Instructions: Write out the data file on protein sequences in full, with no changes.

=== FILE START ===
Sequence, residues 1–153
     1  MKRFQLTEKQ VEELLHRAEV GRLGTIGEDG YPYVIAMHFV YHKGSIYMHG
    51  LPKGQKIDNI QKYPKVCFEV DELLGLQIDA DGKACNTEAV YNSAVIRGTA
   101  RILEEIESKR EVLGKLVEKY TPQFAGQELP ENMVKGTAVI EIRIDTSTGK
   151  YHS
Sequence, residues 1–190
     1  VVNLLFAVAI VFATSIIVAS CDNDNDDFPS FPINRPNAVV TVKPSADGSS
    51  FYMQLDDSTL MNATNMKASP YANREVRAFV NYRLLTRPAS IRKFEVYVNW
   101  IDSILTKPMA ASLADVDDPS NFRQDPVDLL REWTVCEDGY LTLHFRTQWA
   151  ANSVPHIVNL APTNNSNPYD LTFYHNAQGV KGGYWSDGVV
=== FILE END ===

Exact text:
Sequence, residues 1–153
     1  MKRFQLTEKQ VEELLHRAEV GRLGTIGEDG YPYVIAMHFV YHKGSIYMHG
    51  LPKGQKIDNI QKYPKVCFEV DELLGLQIDA DGKACNTEAV YNSAVIRGTA
   101  RILEEIESKR EVLGKLVEKY TPQFAGQELP ENMVKGTAVI EIRIDTSTGK
   151  YHS
Sequence, residues 1–190
     1  VVNLLFAVAI VFATSIIVAS CDNDNDDFPS FPINRPNAVV TVKPSADGSS
    51  FYMQLDDSTL MNATNMKASP YANREVRAFV NYRLLTRPAS IRKFEVYVNW
   101  IDSILTKPMA ASLADVDDPS NFRQDPVDLL REWTVCEDGY LTLHFRTQWA
   151  ANSVPHIVNL APTNNSNPYD LTFYHNAQGV KGGYWSDGVV